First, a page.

Illinois Attorney General Lisa Madigan would have created havoc with her plan to pay state employees the minimum wage in the absence of a budget, according to St. Clair County circuit judge Robert LeChien.
He added sharp words to an order he signed on July 17, splitting representation of state comptroller Leslie Munger between Madigan and Munger’s staff lawyers.
LeChien wrote that, “it is apparent that the AG is not outwardly concerned about the havoc created in the governmental offices concerned with payroll and benefits.”
Nor was Madigan concerned about leaving Munger with an unworkable order derived through proceedings Madigan initiated against Munger, he wrote.
Madigan sued Munger in Cook County on July 1, after the state budget expired, for an order to pay minimum wage to all.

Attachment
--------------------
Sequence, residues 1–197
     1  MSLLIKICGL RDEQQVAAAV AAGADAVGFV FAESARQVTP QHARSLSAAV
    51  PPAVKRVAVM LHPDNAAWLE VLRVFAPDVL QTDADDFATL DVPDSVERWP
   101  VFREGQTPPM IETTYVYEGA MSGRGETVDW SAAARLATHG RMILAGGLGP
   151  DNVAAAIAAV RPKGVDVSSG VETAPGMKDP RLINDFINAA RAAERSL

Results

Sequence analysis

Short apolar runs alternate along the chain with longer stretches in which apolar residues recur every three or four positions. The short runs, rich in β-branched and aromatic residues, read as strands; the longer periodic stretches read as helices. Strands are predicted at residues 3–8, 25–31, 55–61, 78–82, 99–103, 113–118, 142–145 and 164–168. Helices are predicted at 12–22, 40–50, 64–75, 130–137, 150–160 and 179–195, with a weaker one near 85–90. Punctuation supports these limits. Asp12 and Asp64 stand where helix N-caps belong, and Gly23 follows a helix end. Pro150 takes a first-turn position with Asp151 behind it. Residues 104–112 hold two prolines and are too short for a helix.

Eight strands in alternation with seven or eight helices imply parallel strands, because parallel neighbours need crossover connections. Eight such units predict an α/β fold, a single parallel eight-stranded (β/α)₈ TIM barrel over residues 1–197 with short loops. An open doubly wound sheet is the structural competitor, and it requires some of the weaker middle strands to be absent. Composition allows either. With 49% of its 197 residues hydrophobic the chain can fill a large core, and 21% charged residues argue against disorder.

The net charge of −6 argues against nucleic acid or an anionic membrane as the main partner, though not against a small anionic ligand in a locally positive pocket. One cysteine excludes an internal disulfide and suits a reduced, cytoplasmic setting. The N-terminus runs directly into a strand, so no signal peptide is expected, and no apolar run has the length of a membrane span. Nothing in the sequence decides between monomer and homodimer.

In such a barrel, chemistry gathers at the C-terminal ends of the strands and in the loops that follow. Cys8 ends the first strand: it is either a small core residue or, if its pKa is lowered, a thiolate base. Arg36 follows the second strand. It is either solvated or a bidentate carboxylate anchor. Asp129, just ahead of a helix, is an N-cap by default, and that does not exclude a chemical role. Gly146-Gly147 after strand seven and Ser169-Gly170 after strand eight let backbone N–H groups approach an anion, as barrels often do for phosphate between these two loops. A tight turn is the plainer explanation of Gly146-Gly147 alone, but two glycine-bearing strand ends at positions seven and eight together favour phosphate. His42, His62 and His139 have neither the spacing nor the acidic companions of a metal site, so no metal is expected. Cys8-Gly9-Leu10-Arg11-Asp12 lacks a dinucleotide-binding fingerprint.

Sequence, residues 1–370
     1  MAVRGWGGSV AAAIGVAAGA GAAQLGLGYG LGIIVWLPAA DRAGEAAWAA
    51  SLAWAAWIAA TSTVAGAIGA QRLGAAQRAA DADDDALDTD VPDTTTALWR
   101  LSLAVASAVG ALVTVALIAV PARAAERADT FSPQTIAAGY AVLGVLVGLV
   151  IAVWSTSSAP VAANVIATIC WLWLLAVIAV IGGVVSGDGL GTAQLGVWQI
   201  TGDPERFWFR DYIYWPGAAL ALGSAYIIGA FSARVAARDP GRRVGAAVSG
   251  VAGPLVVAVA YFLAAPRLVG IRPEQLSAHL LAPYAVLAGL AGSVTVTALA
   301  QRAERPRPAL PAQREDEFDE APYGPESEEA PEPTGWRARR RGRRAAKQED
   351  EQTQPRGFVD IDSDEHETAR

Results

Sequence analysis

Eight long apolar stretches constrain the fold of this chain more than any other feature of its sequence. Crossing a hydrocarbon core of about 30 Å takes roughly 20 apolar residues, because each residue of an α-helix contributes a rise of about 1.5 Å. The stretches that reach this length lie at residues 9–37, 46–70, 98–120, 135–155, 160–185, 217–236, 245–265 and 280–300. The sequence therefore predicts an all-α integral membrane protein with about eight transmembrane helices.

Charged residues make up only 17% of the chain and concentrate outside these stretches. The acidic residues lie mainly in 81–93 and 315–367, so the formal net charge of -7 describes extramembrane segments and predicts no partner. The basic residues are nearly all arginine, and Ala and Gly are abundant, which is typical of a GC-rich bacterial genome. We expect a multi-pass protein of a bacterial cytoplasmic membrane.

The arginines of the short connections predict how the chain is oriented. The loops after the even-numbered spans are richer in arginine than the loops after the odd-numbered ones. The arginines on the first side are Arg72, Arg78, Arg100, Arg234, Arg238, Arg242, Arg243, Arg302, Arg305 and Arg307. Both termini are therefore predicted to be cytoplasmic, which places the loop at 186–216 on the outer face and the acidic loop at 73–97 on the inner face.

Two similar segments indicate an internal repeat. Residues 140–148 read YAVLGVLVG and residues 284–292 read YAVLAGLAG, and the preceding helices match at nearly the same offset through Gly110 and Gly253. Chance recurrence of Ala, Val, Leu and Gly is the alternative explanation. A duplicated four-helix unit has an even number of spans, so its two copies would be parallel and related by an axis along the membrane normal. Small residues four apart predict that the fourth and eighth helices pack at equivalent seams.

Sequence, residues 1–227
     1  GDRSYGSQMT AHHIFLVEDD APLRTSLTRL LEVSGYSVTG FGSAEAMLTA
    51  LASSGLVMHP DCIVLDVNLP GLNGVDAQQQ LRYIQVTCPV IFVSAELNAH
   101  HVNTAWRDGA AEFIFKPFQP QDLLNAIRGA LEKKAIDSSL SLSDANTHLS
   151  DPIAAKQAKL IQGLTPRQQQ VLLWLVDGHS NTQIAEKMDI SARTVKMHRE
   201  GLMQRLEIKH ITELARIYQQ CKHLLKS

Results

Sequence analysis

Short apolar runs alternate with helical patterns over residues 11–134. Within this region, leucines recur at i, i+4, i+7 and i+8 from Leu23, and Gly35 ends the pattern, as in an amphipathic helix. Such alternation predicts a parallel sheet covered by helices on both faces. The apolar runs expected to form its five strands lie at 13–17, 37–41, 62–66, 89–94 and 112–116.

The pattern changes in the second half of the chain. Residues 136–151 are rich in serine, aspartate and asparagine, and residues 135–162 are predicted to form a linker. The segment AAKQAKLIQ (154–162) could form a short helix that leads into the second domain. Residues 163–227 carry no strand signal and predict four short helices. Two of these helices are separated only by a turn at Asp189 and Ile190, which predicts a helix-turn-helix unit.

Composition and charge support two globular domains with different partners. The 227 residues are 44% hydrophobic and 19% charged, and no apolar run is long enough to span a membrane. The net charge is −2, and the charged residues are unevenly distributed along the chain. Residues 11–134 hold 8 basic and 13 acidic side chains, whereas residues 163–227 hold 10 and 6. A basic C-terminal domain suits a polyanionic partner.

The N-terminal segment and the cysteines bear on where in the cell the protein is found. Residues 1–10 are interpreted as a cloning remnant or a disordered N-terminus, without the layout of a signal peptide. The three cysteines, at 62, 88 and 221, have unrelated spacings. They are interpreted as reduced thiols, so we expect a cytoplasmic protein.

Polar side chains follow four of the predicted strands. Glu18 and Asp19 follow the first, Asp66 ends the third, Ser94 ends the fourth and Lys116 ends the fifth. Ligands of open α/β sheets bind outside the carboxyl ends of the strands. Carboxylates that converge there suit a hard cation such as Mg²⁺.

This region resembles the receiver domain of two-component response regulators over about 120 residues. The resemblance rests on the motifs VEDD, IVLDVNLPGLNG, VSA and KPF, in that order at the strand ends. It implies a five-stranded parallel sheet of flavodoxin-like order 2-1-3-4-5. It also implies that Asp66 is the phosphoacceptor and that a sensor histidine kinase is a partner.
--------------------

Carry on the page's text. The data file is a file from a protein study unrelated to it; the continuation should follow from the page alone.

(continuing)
Munger, through outside counsel that Madigan authorized, pleaded that converting the payroll to minimum wage would take months.
A judge granted the order that Madigan sought, but by then state employee unions had sued for a normal payroll in St. Clair County.
Madigan did not authorize outside counsel for Munger in the St. Clair County action, so Munger moved to disqualify Madigan.
LeChien took the motion under advisement at a hearing on July 9, saying he would not decide what might not have to be decided.
Then he upset Madigan’s lawyers, first by letting Munger’s lawyers respond to them and next by granting the order Munger favored.
Madigan appealed to the Fifth District, sticking to her minimum wage position.
In LeChien’s court, she moved to strike the appearance and arguments of Munger’s chief counsel, Alissa Camp, at the hearing.
LeChien’s July 17 order denied both Munger’s motion to disqualify Madigan and Madigan’s motion to strike Camp’s arguments.
He wrote that Camp could continue presenting Munger’s position, “as it may diverge from that of the AG throughout the litigation.”
He wrote that Madigan would determine what course Munger takes.
As of July 20, legislators had not sent a budget to Gov. Bruce Rauner.